I know Jesus wasn't Christian. I very much appreciate that Jesus was Jewish and I agree that he didn't come to start a new religion.

 

My post was somewhat stream of thought (and this one probably will be too), but basically I was trying to tie together how a Jew is born a Jew (and already part of the covenant, symbolized by circumcision) and how baptizing infants (now) could be viewed this way (as a symbol of joining the covenant).

 

I know that wasn't Jesus' reason for being baptized then. Poor word choice and sentence structure. <_<

 

As Cynthia and I were discussing a while back in another post, Christians have a tendency to see Jesus as their personal savior. It's all about "me and Jesus". But Judaism was about a PEOPLE as a GROUP being in a relationship with God and with each other.

 

I haven't read a lot of NT Wright's stuff, but he was the one that made me go "hmmm" when it came to Christianity's being a covenantal/familial religion (like Judaism) and that it has lost sight of that. He also thinks Paul has been completely misread and misinterpreted (which I'm not so sure about, but am willing to withhold judgment).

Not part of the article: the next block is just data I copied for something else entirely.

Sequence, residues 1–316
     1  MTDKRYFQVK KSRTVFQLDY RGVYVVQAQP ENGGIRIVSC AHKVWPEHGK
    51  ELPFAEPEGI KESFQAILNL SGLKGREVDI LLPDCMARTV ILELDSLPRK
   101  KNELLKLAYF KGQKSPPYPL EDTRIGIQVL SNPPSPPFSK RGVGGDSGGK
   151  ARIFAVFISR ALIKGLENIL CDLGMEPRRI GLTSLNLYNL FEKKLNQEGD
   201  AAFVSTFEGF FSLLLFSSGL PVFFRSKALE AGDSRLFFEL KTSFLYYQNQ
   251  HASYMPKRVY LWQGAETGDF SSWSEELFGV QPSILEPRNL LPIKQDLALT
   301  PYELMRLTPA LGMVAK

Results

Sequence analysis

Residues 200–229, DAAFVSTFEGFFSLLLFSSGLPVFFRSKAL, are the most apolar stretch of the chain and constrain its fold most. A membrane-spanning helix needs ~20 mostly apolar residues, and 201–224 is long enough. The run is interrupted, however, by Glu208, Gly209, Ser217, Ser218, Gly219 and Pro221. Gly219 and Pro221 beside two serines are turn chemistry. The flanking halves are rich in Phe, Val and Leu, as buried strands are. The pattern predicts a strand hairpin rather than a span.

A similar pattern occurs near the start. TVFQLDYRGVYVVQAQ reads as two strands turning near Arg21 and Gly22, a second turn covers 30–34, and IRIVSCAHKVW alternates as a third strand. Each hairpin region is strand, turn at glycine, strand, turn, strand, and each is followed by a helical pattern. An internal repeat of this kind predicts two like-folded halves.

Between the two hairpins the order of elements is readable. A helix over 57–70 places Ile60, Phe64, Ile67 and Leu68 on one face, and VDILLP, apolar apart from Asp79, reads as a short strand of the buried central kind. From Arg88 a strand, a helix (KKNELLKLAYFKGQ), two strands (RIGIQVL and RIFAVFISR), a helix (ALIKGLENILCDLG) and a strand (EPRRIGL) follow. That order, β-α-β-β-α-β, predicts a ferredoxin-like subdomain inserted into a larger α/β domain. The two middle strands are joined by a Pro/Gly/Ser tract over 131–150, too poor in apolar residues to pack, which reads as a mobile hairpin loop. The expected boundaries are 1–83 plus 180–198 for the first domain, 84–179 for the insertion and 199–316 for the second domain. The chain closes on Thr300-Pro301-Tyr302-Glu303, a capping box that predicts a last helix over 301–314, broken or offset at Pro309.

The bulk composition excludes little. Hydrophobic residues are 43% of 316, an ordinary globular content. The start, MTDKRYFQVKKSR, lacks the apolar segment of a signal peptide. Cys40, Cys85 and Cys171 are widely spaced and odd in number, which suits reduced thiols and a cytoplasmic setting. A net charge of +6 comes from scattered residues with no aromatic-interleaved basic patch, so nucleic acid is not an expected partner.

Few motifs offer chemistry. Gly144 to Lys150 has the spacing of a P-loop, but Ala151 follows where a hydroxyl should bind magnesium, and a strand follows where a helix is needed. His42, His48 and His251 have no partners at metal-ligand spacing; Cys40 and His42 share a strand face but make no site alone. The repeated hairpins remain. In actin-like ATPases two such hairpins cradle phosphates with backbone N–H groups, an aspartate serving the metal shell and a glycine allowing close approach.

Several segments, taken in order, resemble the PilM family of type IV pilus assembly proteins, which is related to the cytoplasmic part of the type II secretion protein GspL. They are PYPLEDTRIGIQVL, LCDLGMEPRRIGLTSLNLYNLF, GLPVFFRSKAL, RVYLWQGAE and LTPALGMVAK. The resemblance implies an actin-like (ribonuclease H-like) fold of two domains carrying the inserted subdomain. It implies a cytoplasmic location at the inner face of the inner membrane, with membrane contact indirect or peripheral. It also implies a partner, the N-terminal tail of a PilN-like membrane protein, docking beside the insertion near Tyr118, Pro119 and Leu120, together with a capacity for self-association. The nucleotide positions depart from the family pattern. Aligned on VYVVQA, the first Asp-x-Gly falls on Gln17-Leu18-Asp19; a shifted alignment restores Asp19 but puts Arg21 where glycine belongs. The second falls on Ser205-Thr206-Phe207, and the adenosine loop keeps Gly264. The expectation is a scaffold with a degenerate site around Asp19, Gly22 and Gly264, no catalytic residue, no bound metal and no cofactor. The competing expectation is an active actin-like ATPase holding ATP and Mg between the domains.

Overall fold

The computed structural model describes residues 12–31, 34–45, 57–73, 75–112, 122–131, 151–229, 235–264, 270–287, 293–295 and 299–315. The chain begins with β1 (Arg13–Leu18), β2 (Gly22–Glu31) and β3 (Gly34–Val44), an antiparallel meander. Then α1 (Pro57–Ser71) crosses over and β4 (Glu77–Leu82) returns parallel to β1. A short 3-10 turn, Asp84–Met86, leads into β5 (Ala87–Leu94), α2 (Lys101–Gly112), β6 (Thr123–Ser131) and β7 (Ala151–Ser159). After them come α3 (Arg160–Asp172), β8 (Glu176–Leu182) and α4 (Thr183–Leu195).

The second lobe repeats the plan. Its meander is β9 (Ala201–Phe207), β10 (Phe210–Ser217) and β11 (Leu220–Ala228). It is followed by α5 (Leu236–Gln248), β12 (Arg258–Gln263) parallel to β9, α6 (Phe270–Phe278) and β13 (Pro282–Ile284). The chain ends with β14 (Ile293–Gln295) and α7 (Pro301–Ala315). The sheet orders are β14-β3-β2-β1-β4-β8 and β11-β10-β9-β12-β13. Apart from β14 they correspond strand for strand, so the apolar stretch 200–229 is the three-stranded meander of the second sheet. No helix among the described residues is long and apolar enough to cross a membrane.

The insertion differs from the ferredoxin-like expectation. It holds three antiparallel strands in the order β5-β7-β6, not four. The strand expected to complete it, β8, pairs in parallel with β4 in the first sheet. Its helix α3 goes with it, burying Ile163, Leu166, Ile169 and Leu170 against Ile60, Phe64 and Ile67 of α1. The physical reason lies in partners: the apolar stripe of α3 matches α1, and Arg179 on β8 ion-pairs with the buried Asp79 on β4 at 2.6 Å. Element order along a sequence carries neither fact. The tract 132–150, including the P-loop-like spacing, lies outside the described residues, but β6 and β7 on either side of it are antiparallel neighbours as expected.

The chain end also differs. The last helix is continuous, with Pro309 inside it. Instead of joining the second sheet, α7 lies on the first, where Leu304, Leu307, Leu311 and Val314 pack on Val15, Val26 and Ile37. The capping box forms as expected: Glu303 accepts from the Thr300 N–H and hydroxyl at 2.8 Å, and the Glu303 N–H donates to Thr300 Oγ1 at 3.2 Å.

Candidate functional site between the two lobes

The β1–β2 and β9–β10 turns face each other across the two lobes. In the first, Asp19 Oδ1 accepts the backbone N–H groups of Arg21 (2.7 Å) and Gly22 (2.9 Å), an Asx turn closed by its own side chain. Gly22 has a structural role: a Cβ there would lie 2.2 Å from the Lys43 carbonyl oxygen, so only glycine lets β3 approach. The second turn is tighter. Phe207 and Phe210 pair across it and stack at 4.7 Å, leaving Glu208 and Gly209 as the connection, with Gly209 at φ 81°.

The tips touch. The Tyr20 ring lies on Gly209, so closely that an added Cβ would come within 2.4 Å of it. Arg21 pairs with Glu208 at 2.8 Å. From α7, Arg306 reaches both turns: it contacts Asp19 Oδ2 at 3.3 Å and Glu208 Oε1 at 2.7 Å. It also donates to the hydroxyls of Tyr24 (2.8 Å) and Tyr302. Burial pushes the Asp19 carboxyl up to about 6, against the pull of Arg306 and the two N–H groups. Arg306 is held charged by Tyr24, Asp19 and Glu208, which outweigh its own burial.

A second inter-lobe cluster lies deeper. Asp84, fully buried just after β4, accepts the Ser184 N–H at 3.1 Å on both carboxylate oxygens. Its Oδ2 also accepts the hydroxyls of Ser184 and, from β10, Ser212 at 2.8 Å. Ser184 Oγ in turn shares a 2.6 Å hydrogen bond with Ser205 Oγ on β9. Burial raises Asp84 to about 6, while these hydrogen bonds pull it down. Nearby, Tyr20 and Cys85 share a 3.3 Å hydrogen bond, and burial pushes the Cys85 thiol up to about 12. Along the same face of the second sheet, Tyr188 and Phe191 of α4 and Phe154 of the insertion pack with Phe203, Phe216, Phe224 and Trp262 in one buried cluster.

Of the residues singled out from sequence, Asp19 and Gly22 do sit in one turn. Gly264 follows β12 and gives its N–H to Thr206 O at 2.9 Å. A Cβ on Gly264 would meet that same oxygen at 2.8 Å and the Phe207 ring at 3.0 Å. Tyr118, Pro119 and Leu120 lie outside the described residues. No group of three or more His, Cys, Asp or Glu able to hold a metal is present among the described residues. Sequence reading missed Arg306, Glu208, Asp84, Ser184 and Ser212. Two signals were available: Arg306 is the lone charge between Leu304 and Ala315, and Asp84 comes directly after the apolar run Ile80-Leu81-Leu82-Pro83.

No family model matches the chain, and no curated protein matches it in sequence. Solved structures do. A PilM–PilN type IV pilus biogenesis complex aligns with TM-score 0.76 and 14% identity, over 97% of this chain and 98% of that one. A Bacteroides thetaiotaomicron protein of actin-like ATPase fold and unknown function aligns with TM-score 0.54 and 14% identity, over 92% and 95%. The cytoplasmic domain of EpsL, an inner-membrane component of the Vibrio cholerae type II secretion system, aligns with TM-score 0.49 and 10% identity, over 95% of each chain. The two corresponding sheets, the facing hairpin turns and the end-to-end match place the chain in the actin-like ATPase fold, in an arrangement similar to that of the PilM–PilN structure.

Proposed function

All that said, I don't actually have an opinion about infant baptism one way or another. I don't believe that joining into a covenant with God (as an adult or as an infant) is in any way “salvatory”, but I do believe it would be beneficial for the strong sense of community it provides. (Much more than “me and my own personal Jesus.”) [Thank you Depeche Mode ;) ]

 

(I would think that NT Wright believes joining the covenant does have salvatory benefit since he is relatively conservative and traditional. I’m not sure though, because I also know he is a partial preterist and might not have the same view of “end times” as many Christians. So I don’t know what he might think the person joining the covenant is being “saved” from. Anyone know? Anyone really familiar with Wright?)

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PS - Here is a great article, snipped for space's sake.